Revisiting FCRA Judgment
Various provisions of the FCRA Act have been challenged as violative of Article 14, 19 and 21 of the Constitution.
Indian Social Action Forum (INSAF) v. Union of India
Indian Social Action Forum (INSAF) is a non-governmental organization based in Delhi, whose stated aim is to ‘resist globalisation, combat communalism and defend democracy’. It challenged various provisions of the Foreign Contribution (Regulation) Act, 2010 (‘Act’) that regulate foreign funding to Indian organizations. According to INSAF, these provisions violate various fundamental rights, namely the right to equality (Article 14), freedom of speech and association [Article 19 (1)(a) and (c)] and right to life (Article 21) under the Constitution of India, 1950.
It first filed its challenge to Sections 5(1) and (4) of the Act, and Rules 3(i), (v) and (vi) of the Foreign Contribution (Regulation) Rules, 2011 before the Delhi High Court. After the Delhi High Court rejected its plea it turned to the Supreme Court via a Special Leave Petition.
The matter came up before and was adjudicated by a two-judge bench of L Nageswara Rao and Deepak Gupta JJ. On March 6th 2020, the Supreme Court upheld the constitutionality of the Act but read down Rules 3(v) and (vi). The Court noted that only organizations connected with active politics could be brought under these rules: not organizations working on ‘social and economic welfare of the society’.
Organization of Political Nature
Section 5 of the FCRA empowers the Central Government to categorise organizations as ‘of a political nature’ – such organisations are barred from receiving foreign funding. This Section, according to the Petitioner, conferred ‘unguided and uncanalised power’ to the Government. Expanding on this, they contended that the accompanying Rules were vague as they did not specifically clarify the grounds for such categorisation. As per Section 5, the Government’s action would be informed by an organization’s ‘activity, ideology and programme’ – terms left undefined by the Act.
INSAF further argued that organizations working on ‘civil, political, social, economic and cultural rights’ should not face any restriction on accessing funds, be it domestic or foreign. The realisation of political rights was an important component of human rights – Articles 19(1)(a) and (c) protected this right.
The Government, in turn, defended the Delhi High Court’s decision – it relied on precedents to argue that Article 19 could be invoked only by ‘citizens’ not INSAF. Further, the right to receive foreign funding could not be read into Article 19. FCRA and its Rules had necessary checks to prevent misuse. Moreover, apprehension of misuse was not a ground to challenge a law.
Act Constitutional but Rules Read Down
The Court sided with the Government and ruled in favour of the constitutionality of Sections 5(1) and 5(4). It reasoned that Section 5(1), which set down the procedure for naming organizations of a political nature, was ‘expansive’ but not ‘vague’. Further, this provision enabled the Government to illustrate specific grounds, it observed.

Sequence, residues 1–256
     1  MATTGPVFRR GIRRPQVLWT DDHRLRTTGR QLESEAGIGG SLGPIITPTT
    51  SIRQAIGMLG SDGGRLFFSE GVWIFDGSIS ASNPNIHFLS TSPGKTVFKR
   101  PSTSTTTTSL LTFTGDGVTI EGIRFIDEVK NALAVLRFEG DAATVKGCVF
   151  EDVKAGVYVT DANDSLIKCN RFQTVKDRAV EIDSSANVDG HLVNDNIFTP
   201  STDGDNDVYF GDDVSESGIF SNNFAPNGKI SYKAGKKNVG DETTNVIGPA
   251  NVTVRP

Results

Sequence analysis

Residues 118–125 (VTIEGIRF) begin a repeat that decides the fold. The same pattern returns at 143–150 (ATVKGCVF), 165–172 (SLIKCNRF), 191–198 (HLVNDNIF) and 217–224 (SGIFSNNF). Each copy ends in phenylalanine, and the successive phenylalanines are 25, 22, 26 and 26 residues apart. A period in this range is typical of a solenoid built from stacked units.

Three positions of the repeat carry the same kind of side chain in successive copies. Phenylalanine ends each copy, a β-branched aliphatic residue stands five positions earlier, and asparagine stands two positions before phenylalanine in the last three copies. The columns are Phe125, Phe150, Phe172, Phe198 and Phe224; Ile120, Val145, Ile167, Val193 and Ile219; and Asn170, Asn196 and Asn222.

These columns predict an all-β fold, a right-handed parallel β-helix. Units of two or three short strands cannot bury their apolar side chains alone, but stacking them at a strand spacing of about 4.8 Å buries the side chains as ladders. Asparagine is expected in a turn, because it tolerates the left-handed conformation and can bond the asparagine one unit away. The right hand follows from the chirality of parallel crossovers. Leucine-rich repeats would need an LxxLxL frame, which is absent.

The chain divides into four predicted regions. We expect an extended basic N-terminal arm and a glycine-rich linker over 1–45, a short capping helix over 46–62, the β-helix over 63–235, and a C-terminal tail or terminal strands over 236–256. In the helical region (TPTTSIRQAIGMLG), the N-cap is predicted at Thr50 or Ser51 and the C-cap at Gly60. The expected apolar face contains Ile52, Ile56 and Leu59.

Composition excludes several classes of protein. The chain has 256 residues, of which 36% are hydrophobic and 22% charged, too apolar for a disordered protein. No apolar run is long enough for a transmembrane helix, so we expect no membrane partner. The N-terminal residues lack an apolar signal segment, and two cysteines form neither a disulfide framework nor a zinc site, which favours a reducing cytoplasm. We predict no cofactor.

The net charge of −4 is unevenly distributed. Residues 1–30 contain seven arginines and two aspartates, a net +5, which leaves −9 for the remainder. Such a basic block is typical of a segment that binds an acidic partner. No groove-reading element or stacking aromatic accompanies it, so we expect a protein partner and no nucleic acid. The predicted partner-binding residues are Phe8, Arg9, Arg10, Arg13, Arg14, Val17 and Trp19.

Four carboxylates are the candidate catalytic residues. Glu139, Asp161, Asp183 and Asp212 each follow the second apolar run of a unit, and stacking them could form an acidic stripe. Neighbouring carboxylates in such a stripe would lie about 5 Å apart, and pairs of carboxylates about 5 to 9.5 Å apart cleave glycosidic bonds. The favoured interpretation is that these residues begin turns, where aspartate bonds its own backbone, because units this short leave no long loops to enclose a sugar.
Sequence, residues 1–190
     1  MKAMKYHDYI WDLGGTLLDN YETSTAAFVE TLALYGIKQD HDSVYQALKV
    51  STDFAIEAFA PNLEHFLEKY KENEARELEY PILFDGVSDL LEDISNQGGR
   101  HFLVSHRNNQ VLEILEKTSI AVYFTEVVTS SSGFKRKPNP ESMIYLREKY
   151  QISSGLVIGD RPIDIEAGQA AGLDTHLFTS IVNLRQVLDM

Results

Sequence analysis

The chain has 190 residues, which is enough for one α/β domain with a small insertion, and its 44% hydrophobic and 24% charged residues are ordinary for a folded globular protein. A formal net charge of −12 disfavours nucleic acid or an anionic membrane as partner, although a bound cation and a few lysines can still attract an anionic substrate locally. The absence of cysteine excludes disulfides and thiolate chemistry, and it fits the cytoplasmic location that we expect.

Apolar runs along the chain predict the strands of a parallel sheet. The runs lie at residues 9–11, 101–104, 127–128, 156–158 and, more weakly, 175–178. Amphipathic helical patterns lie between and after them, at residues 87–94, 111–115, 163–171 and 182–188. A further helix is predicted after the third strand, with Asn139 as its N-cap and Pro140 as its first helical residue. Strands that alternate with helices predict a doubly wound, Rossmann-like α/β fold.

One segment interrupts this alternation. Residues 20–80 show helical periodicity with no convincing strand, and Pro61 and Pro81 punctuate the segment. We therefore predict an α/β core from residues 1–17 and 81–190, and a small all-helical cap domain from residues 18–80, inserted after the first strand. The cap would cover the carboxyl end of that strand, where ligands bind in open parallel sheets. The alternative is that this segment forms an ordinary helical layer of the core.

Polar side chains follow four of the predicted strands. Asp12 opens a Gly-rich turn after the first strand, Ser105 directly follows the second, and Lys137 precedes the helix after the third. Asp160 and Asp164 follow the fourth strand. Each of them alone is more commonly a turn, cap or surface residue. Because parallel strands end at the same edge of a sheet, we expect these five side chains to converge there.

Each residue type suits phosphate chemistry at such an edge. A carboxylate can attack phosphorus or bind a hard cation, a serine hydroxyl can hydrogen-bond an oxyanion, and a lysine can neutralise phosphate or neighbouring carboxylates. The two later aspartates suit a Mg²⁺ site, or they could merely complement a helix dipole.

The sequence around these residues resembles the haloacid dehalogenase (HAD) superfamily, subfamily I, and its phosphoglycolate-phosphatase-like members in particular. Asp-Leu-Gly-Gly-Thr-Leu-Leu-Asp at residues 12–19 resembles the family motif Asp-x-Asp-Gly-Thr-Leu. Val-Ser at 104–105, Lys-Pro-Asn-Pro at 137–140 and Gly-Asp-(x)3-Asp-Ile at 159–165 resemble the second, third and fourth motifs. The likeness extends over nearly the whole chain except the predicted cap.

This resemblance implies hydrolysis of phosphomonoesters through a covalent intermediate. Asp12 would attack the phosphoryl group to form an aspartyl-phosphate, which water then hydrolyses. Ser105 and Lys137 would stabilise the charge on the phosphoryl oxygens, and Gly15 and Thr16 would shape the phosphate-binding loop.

Next, the Court looked at Section 5(4), which allowed for organizations to make representation if they were characterised as ‘of political nature’. It noted that failure to mention/define a specific authority before whom such representation would lie does make this provision unconstitutional.
Moving on to the Rules, Rule 3(i) prohibits any organization from receiving foreign funding if its memorandum or bye-laws reveal its support for or intent to partake in political activities. The Court believed that this Rule was unambiguous and thus constitutional.
However, it read down Rules 3(v) and (vi). Rule 3(v) barred any organisation of farmers, workers, students, youth, based on caste, community, religion or language which worked towards advancement of Political interests from obtaining foreign funding. Rule 3(vi) disallowed organizations that habitually engages itself in or employs common methods of political action like ‘bandh’ or ‘hartal’, ‘rasta roko’, ‘rail roko’ or ‘jail bharo’ in support of public causes from receiving foreign aid.
The Court read down both these grounds – meaning it restricted its applicability. It highlighted that the purpose of the Act and the Rules was to prohibit foreign aid from influencing Indian political activity. Organizations working towards securing social and economic betterment or agitating for securing rights of the citizens must not be treated as having political objectives or indulging in ‘active politics or party politics.’ It concluded that these organizations are outside the purview of Rules 3(v) and (vi).